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Where Does the Word 'Hoser' Come From?

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CBC.ca

Fans of the legendary sketch comedy show SCTV are probably familiar with Rick Moranis and Dave Thomas’ dim-witted characters Bob and Doug McKenzie, the Molson beer-swilling Canadian brothers who ended each sentence with everyone’s favorite stereotypical Canadian interjection, “eh.” But it was the pair's catchphrase—“Take off, hoser!”—that really gained traction in popular language.

When the two comedians called someone a hoser, they were telling him that he was a foolish or unsophisticated Canadian slob who does nothing but watch hockey, wear tons of flannel, and propagate the lighthearted and absentminded view of the clichéd average Canadian male. According to Stephan Dollinger of the University of British Columbia—one of the institutions working on the second edition of the Dictionary of Canadianisms on Historical Principles—the Oxford English Dictionary entry for "hoser" cites the first written example as a 1981 article in the Toronto Star about the McKenzie characters, in which Moranis said “a hoser is what you call your brother when your folks won't let you swear.” Beyond this, the etymology of the word is hard to trace, with informal origins coming from different folk traditions and Canadian history.

The most prominent unofficial derivation comes from every Canadian’s favorite pastime—pond hockey. Whenever groups would get together to play some shinny (another Canadian slang term, for an informal pick-up hockey game) on the local pond, the losing team would have to hose down the ice with water afterwards to make the playing surface smooth again. In this version of hoser's etymology, "hose” and “loser” were contracted to make “hoser,” giving it a colloquially negative connotation tied to the Canadian national game.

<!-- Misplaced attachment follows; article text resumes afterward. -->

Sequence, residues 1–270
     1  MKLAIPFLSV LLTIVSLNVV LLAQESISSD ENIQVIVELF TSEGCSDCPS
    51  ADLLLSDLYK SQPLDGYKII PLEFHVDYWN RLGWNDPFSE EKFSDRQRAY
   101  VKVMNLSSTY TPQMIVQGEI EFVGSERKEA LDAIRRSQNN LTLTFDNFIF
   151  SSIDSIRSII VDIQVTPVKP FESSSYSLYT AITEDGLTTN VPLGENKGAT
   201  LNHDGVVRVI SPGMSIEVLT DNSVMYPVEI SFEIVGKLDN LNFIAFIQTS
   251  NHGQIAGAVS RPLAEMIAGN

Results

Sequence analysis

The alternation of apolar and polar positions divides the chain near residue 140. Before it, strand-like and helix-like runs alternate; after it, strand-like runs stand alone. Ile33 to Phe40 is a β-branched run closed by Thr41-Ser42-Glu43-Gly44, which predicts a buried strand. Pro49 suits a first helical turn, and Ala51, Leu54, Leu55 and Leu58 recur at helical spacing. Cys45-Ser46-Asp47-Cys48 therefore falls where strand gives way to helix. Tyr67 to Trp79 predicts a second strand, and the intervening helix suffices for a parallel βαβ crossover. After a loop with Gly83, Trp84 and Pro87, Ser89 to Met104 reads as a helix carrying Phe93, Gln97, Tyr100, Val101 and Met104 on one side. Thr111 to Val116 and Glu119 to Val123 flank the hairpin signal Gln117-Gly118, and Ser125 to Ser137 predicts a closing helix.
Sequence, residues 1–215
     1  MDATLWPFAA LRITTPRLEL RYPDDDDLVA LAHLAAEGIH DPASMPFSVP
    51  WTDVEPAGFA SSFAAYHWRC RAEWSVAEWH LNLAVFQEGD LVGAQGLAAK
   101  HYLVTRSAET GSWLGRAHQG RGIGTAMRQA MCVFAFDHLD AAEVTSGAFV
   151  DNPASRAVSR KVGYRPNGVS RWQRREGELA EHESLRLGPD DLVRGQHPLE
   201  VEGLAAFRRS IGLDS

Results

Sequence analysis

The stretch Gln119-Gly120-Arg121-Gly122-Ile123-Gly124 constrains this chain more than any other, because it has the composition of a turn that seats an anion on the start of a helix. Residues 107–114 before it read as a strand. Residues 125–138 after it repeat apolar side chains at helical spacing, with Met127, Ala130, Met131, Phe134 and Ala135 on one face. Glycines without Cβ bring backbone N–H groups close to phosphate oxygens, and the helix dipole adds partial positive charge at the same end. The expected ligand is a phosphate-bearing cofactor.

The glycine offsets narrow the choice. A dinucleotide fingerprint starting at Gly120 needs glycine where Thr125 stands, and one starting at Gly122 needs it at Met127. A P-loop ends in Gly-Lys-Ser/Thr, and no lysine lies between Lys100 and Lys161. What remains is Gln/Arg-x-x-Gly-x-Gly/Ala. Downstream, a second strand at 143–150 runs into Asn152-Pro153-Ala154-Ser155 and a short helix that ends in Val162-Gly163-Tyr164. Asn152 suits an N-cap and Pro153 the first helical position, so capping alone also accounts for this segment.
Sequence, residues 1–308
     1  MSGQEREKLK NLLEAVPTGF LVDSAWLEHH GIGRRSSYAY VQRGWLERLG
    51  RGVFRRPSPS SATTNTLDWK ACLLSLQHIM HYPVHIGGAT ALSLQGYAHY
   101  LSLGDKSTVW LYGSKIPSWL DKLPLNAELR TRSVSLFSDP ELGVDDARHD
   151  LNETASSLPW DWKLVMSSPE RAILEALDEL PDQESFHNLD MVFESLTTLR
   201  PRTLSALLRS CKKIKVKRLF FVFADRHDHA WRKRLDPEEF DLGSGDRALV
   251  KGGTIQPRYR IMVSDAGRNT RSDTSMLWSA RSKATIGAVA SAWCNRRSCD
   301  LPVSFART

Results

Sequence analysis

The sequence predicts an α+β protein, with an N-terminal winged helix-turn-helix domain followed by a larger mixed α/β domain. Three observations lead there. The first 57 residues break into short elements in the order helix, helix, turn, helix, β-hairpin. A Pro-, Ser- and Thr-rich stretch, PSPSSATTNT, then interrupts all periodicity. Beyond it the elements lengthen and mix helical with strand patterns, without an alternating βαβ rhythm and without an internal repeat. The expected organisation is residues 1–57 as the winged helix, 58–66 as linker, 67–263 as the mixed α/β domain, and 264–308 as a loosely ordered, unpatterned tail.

According to others, though, the word "hoser" originated with poor, Depression-era Canadian farmers who would use a hose to siphon gas out of other people’s farming equipment because they couldn't pay for it themselves. But this definition is most likely a verbal colloquialism passed from generation to generation; it has no concrete formal source.

Because of Moranis and Thomas’ lampooning of Canadian culture, "hoser" lives on in popular vocabulary—though you’ll probably be hard-pressed to hear any actual Canadians use the term. But I know what I’d say to them: “Take off, you hoser!”

Primary image courtesy of CBC.

This article originally ran in 2013.

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Big Questions
What Makes a Cat's Tail Puff Up When It's Scared?
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Cats wear their emotions on their tails, not their sleeves. They tap their fluffy rear appendages during relaxing naps, thrash them while tense, and hold them stiff and aloft when they’re feeling aggressive, among other behaviors. And in some scary situations (like, say, being surprised by a cucumber), a cat’s tail will actually expand, puffing up to nearly twice its volume as its owner hisses, arches its back, and flattens its ears. What does a super-sized tail signify, and how does it occur naturally without help from hairspray?

Cats with puffed tails are “basically trying to make themselves look as big as possible, and that’s because they detect a threat in the environment," Dr. Mikel Delgado, a certified cat behavior consultant who studied animal behavior and human-pet relationships as a PhD student at the University of California, Berkeley, tells Mental Floss. The “threat” in question can be as major as an approaching dog or as minor as an unexpected noise. Even if a cat isn't technically in any real danger, it's still biologically wired to spring to the offensive at a moment’s notice, as it's "not quite at the top of the food chain,” Delgado says. And a big tail is reflexive feline body language for “I’m big and scary, and you wouldn't want to mess with me,” she adds.